Historical Children's Literature Collection

Tom, the piper's son [unknown] [1820?]

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 ^mm
^
With all the fun.
That he had done.
And how at last he went to France,
To teaeh great Bonaparte to dance.
YORK:
Printed by J. Kendrew, Colliergste
 2
TOM, THE PIPER'S SON.
TOM, THE PIPER'S SON.
S
TOM, Tom, the Piper's son,
Stole a pig and away he ran,
The pig was eat, and Tom was beat,
And  Tom  came roaring  down  the
street;
Yes, yes, Tom stole the pig,
And at school they flogg'd his rig.
&
Here's a long" tail'd pig,
Or a short tail'd pig.
Or a pig without a tail,
A boar pig, or a sow pig,
Or a pig with a curley tail.
 tOM,  THE   PIPER'S  SO&.
fOMj  THE  PIPERS   SON,
5
This man makes pigs of paste and
fills their bellies with currants, and
places two little currants in their
heads for eyes ; so while the man set
down the basket to sell a little Miss a
curley taii'd pig, Tom ran away with
a long taiFd pig: but he would not
have stolen it, if he had known what
sauce he should have had to it,
For he was beat m the street, anil
whipped at school, and made to beg
pardon on his marrow-bones, and promise never to steal any thing again,
thus after the sweet-meat of stealing
he got the sour sauce of correction.
 6 TOM, THE PIPER'S SON.
TOM, THE PIPER S SON.
Tom he was a piper's son,
He learned to play while he was young,
All the tunes that he could play,
Was over the hills and far away.
Tom with his pipe then made such a
noise,
Pleasing the old, the girls and the boys,
They'd dance and sing while he did
play,
Over the hills and far away.
 7
TOM, THE PIPER'S SON,
TOM, THE PIPERS SON.
9
Now Tom after this, learn'd to play
with such skill,
Tljat whoever heard him could never
stand still;
As soon as he play'd they  began for
to dance,
JS'en pigs on their hind legs did after
him prance.
As Dolly was milking her cow oneday,
Tom took out his pipe and began for
to play ;
The cow danc'd,  and Doll danc'd,  a
merry go round,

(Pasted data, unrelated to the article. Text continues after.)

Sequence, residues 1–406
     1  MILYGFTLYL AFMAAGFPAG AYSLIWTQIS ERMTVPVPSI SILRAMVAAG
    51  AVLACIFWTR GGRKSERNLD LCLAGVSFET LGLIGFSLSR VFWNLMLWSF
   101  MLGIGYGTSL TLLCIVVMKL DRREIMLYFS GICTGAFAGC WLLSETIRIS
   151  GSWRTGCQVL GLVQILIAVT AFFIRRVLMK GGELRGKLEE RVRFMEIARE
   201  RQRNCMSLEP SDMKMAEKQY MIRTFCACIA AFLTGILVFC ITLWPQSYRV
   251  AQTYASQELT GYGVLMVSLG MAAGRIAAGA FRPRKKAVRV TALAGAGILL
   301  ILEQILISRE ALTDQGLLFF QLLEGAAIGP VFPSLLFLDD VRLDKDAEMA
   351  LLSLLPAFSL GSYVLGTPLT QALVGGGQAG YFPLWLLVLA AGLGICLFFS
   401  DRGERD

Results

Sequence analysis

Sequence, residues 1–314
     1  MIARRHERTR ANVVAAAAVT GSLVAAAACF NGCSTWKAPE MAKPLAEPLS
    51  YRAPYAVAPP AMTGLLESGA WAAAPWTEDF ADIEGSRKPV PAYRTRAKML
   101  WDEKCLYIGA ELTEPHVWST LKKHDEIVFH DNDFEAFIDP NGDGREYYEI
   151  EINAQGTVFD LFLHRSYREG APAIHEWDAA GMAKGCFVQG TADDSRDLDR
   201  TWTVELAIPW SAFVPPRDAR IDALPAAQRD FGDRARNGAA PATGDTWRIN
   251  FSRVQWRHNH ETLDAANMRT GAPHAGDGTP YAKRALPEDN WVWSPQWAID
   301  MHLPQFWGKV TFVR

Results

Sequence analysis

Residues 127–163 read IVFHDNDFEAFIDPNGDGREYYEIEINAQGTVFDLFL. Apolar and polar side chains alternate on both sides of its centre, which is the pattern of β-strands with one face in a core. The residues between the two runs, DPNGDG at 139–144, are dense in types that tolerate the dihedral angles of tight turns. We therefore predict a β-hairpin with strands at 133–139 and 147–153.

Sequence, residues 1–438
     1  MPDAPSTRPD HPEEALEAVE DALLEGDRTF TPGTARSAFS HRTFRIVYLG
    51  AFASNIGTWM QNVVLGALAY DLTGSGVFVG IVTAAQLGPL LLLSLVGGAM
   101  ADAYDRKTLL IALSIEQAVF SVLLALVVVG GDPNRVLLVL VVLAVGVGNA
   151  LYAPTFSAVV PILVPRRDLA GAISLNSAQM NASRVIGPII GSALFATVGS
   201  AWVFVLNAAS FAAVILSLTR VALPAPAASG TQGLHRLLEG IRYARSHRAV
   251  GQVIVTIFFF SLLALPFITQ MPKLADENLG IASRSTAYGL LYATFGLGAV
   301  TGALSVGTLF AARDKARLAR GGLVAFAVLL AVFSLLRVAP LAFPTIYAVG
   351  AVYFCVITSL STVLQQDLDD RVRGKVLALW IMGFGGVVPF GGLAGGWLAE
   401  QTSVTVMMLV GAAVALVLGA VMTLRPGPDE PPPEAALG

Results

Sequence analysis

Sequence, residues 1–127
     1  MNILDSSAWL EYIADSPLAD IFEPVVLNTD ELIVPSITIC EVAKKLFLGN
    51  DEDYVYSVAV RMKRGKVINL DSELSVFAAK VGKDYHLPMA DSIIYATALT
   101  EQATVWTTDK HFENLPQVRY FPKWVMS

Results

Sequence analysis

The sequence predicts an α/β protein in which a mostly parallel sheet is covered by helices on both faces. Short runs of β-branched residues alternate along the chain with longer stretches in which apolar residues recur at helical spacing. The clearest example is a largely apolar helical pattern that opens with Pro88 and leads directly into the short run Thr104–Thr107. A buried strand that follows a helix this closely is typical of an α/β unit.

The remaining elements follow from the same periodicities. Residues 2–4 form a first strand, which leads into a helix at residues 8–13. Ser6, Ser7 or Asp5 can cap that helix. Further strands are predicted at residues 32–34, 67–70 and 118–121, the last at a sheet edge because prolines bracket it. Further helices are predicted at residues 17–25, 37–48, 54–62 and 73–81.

Till the pail it was broke and the milk
on the ground.
 10
TOM, THE PIPER S SON.
He met old Dame Trot with a basket
of eggs,
He used his pipe and she used her legs,
She danced about till her eggs were
all broke,
Then he left her to fret,   while he
laugh'd at the joke.
TOM, THE  PIPER S SON.
11
Tom saw a cross fellow who was beating an ass,
Heavy laden with pots, pans, dishes,
and glass,
He played them a jig, and they danc'd
to a tune,
That the load of the jackass was
lightened soon.
 12
TOM,  THE  PIPERS SON,
Once a Dog got a sow   fast hold   by
the ear,
The   sow   squall'd   out murder,   and
Tom being near,
He play'd them a tune, and they  did
not dance bad,
Considering the little experience they
had.
fOM, THE PIPER'S SON.
18
Tom met with a Parson in a sad dirty-
place,
Where he made him to dance he had
so little grace^
He danc'd in the dirt, till he danc'd
in a ditch,
Where he left him in mud quite up to
the breech,
 14
TOM, THE PIPER S SON
TOM, THE  PIPER S SON.
15
Some little time after, Tom slept on
some hay,
The very same Parson was passing
that way,
He took poor Tom's pipe and bid him
prepare,
To answer his crimes before the Lord
Mayor.
To the Lord Mayor he took him, and
told Tom's art,
To make people dance with a sorrowful heart,
Begg'd he'd send him to sea, where he
might teach a dance,
To  the  great  Bonaparte,  the First
Consul of France.
 16
TOM, THE PIPER'S SON,
Says   Tom,   I   am   willing  to  fight
against France,
First give   me  my  pipe,   I'll teach
Boney a dance.
They gave him his pipe, he began for
to play,
And  the   Parson  and   Mayor  went
dancing away.
I
J.   KENDREW,   PRINTER,   YORK.

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